An Ecclesiastical History, Antient and Modern, from the Birth of Christ to the Begginning of the Eighteenth Century: in which the Rise, Progress, and Variations of Church Power are Considered in Their Connexion with the State of Learning and Philosophy, and the Political History of Europe During that Period, Volumen3

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Thomas Turnbull, 1803
 

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Página 216 - I saw a woman sit upon a scarlet coloured beast, full of names of blasphemy, having seven heads and ten horns. And the woman was arrayed in purple and scarlet colour, and decked with gold and precious stones and pearls, having a golden cup in her hand, full of abominations and filthiness of her fornication...
Página 328 - This dissension was fomented with such dreadful success, and arose to such a shameful height, that, for the space of fifty years, the church had two or three different heads at the same time ; each of the contending popes forming plots, and thundering out anathemas against their competitors. The distress and calamity of these times...
Página 191 - This sort of society began in the thirteenth century, and the members of it, by the tenor of their institution, were to remain entirely destitute of all fixed revenues and possessions ; though in process of time their number became a heavy tax upon the people. Innocent III was the first of the popes who perceived the necessity of instituting such an order ; and accordingly he gave such monastic societies as made a profession of poverty the most distinguishing marks of his protection...
Página 193 - They were also encouraged and patronized by the succeeding pontiffs, when experience had demonstrated their public and extensive usefulness. But when it became generally known that they had such a peculiar place in the esteem and protection of the rulers of the church, their number grew to such an enormous and unwieldy multitude, and swarmed so prodigiously in all the European provinces, that they became a burden not only to the people, but to the church itself.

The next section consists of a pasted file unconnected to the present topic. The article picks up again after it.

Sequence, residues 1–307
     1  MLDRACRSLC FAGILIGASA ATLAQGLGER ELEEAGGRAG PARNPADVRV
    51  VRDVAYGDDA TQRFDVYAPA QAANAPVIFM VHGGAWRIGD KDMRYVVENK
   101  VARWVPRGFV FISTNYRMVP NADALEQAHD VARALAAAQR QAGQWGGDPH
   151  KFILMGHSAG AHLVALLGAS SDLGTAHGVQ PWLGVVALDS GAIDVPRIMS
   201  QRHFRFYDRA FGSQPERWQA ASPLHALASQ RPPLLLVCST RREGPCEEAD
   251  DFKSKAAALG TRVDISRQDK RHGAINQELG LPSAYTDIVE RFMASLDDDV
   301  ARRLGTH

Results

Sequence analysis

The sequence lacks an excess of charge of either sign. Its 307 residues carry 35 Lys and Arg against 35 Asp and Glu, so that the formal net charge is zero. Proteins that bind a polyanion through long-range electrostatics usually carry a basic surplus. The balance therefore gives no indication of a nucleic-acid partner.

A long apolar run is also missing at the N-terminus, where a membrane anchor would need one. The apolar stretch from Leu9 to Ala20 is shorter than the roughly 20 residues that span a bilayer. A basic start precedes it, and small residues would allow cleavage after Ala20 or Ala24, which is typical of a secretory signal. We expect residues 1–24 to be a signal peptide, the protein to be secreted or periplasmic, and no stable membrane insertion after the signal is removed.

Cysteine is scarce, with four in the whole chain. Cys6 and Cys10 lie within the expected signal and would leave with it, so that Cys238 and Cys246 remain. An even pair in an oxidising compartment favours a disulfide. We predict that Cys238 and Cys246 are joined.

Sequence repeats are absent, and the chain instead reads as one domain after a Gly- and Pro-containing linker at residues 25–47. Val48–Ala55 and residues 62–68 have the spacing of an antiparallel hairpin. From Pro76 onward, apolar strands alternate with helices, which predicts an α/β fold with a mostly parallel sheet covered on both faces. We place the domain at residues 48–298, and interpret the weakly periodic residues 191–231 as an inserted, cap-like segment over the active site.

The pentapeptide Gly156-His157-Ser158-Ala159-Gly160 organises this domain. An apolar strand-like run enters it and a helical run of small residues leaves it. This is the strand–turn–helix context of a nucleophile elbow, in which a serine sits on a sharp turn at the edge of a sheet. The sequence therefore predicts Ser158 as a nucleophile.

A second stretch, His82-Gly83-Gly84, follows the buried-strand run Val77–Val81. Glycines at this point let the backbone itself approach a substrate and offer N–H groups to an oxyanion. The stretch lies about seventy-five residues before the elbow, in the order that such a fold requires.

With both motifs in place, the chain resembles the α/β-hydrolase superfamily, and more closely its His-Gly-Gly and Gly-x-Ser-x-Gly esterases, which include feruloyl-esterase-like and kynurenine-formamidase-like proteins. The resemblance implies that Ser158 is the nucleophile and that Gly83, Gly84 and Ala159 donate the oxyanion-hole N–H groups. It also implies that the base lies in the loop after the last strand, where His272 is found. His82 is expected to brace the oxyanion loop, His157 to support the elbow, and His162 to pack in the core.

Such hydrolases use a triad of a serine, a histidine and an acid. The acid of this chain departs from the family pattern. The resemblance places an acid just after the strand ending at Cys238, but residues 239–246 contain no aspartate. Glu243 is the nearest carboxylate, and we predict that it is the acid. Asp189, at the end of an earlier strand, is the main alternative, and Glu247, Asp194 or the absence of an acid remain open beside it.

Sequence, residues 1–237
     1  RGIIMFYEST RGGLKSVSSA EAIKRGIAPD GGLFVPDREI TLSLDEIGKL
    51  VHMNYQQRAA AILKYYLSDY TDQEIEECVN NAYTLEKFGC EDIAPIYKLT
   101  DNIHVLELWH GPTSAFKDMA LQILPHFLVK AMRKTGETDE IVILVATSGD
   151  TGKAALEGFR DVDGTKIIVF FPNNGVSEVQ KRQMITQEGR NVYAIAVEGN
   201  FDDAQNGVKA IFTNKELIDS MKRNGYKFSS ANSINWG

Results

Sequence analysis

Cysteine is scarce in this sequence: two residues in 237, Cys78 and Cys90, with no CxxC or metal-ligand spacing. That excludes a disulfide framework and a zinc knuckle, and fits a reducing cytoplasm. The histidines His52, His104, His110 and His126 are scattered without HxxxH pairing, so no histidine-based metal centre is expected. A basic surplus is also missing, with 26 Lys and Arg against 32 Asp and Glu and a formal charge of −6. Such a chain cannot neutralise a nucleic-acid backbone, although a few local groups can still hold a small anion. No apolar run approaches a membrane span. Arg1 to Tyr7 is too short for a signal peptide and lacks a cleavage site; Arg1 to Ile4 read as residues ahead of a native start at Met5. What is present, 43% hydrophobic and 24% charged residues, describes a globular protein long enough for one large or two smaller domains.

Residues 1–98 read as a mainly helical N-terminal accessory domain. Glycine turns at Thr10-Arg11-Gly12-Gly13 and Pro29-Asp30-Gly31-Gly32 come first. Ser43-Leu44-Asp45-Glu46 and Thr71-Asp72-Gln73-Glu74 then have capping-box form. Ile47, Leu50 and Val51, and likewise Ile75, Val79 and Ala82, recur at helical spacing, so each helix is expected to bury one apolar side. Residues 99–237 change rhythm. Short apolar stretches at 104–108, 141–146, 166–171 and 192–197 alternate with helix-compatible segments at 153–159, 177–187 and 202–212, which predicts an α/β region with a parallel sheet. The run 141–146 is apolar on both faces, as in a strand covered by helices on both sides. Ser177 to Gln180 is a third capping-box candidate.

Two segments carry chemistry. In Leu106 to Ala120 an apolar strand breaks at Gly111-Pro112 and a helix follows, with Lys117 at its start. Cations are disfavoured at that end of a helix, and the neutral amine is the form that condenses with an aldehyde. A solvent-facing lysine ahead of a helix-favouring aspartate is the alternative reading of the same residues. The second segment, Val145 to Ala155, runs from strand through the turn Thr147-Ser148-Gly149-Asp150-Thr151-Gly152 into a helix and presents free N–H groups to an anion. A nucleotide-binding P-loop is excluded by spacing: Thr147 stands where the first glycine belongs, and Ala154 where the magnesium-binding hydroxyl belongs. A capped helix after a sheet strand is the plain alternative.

Página 355 - Cellites, from the cells in which they were accustomed to live. As the clergy of this age took little care of the sick and dying, and deserted such as were infected with those pestilential disorders which were then very frequent, some compassionate and pious persons at Antwerp formed themselves into a society for the performance of these religious offices, which the sacerdotal orders so shamefully neglected.
Página 85 - ... a. plenary remission of all the temporal pains and penalties, which the church had annexed to certain transgressions. They went still farther ; and not only remitted the penalties, which the civil and ecclesiastical laws had enacted against transgressors, but audaciously usurped the authority which belongs to God alone, and impiously pretended to abolish even the punishments which are reserved in a future state for the workers of iniquity ; a step...
Página 410 - Rome was entirely groundless. However, his enemies so far prevailed, that by the most scandalous breach of public faith, he was cast into prison, declared a heretic, because he refused to plead guilty against the dictates of his conscience...
Página 281 - that all things flowed by emanation from God, and were finally to return to their divine source; that rational souls were so many 'portions of the supreme Deity, and that the universe, considered as one great whole, was God : that every man, by the power of contemplation, and by calling off his mind from sensible and terrestrial objects, might be united to the Deity in an...
Página 116 - PETROBRUSSIANS, a sect founded about the year 1110 in Languedoc and Provence, by Peter de Bruys, who made the most laudable attempts to reform the abuses and to remove the superstitions that disfigured the beautiful simplicity of the Gospel ; though not without a mixture of fanaticism.
Página 290 - None were saved by the blood of Jesus, but true and pious christians ; while the Jews, Saracens, and unworthy christians, were to obtain salvation through the Holy Spirit which dwelt in her, and that, in consequence thereof, all...

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